June 6 - A new generation of defectors from North Korea step in the limelight to tell their stories, marking a major change. Paul Chapman reports.
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North Korean defector Lee Hyeon-seo tells her story to the TED conference in California.
Since February her speech has picked up 1.6 million internet views.
Once such defectors to South Korea lived on the margins of society.
Lee, now a university student in Seoul, is one of a new generation no longer prepared to keep quiet.
(SOUNDBITE) (Korean) 33-YEAR-OLD NORTH KOREAN DEFECTOR LEE HYEON-SEO SAYING:
"I'd like to speak out more to the international community about North Korean defectors. So I have to study English diligently. And I want to study human rights issues in North Korea and I'm now interested in international civil rights as well."
Ji Seong-ho fought his way across the border into China on makeshift crutches.
He lost his left leg and hand falling from a moving train as he tried to steal coal to make money.
Today he's president of an organisation which broadcasts each week from South Korea to the North.
(SOUNDBITE) (Korean) 31-YEAR-OLD NORTH KOREAN DEFECTOR JI SEONG-HO SAYING:
"Messages from young generation should flow into North Korea. People in North Korea should know how we live, what we think and dream. And they should know where they are, what they are doing and whether the 10-year military service is really helping them."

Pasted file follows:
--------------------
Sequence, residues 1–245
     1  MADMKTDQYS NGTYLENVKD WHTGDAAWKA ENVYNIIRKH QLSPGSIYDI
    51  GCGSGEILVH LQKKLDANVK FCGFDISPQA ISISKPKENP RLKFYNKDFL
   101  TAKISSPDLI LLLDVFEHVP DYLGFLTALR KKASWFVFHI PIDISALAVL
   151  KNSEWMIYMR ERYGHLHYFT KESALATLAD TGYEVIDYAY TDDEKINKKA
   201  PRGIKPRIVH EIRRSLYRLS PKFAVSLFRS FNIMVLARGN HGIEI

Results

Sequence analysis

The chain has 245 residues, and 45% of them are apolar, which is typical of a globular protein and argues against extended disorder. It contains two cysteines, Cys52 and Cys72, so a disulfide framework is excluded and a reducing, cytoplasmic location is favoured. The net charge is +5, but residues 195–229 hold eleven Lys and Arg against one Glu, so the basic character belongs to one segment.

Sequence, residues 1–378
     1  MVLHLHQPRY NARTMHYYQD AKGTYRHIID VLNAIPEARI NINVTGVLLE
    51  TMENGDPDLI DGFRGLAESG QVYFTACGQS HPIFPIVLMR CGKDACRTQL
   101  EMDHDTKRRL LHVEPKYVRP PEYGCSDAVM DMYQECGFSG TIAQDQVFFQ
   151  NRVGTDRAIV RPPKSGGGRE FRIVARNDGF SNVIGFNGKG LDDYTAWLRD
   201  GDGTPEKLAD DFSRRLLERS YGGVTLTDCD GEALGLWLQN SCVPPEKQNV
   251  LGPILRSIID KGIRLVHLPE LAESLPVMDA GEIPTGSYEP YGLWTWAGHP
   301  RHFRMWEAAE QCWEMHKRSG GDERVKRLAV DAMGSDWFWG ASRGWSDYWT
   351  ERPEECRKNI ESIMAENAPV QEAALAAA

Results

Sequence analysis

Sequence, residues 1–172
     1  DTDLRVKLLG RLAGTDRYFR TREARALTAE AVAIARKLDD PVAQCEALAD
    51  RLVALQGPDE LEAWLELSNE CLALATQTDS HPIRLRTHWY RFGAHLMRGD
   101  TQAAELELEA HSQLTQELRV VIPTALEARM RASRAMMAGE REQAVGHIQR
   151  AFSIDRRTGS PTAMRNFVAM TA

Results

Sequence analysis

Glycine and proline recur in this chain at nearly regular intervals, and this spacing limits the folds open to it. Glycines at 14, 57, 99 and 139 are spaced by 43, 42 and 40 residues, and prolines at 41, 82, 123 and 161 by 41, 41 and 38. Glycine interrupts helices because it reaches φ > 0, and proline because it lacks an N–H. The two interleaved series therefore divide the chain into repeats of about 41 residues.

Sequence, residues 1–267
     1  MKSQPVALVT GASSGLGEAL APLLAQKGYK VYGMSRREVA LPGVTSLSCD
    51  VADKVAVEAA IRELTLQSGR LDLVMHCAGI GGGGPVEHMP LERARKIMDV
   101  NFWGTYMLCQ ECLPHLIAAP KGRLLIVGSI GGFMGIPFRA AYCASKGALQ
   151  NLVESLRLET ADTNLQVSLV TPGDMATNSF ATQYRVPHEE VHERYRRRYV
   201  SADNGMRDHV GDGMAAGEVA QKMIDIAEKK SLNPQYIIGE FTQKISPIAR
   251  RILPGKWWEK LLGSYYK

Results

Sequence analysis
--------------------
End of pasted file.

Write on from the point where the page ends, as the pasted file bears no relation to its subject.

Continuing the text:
Ji was among the demonstrators protesting against the forced repatriation of North Koreans.
The United Nations said in May month it had credible evidence that China sent back nine young defectors in May, possibly to face severe punishment or even execution.
North Korean state broadcaster KRT on Wednesday accused South Korean activists of abducting them.
(SOUNDBITE)(Korean) KRT NEWS READER SAYING:
"Recently a case of an unprecedented anti-humanitarian act of atrocity has been disclosed where traitorous puppet elements tried to trick and kidnap our youths and drag them to South Korea."
South Korea says it's now home to about 25, 000 defectors from the North.
The younger generation is hoping its more vocal attitude will speed the end of South Korean prejudice they say is already on the ebb.
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